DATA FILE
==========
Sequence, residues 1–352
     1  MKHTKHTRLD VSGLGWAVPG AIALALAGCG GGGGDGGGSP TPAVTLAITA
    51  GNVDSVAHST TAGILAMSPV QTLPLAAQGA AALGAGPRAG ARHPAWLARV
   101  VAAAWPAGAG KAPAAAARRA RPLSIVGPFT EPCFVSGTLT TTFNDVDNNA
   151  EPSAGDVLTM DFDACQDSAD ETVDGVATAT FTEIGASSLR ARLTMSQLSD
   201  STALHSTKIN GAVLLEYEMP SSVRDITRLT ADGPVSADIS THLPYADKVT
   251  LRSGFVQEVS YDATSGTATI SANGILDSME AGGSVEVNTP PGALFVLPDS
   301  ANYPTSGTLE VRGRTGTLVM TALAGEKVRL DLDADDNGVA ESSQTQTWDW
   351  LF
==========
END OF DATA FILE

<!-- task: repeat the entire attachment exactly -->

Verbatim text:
Sequence, residues 1–352
     1  MKHTKHTRLD VSGLGWAVPG AIALALAGCG GGGGDGGGSP TPAVTLAITA
    51  GNVDSVAHST TAGILAMSPV QTLPLAAQGA AALGAGPRAG ARHPAWLARV
   101  VAAAWPAGAG KAPAAAARRA RPLSIVGPFT EPCFVSGTLT TTFNDVDNNA
   151  EPSAGDVLTM DFDACQDSAD ETVDGVATAT FTEIGASSLR ARLTMSQLSD
   201  STALHSTKIN GAVLLEYEMP SSVRDITRLT ADGPVSADIS THLPYADKVT
   251  LRSGFVQEVS YDATSGTATI SANGILDSME AGGSVEVNTP PGALFVLPDS
   301  ANYPTSGTLE VRGRTGTLVM TALAGEKVRL DLDADDNGVA ESSQTQTWDW
   351  LF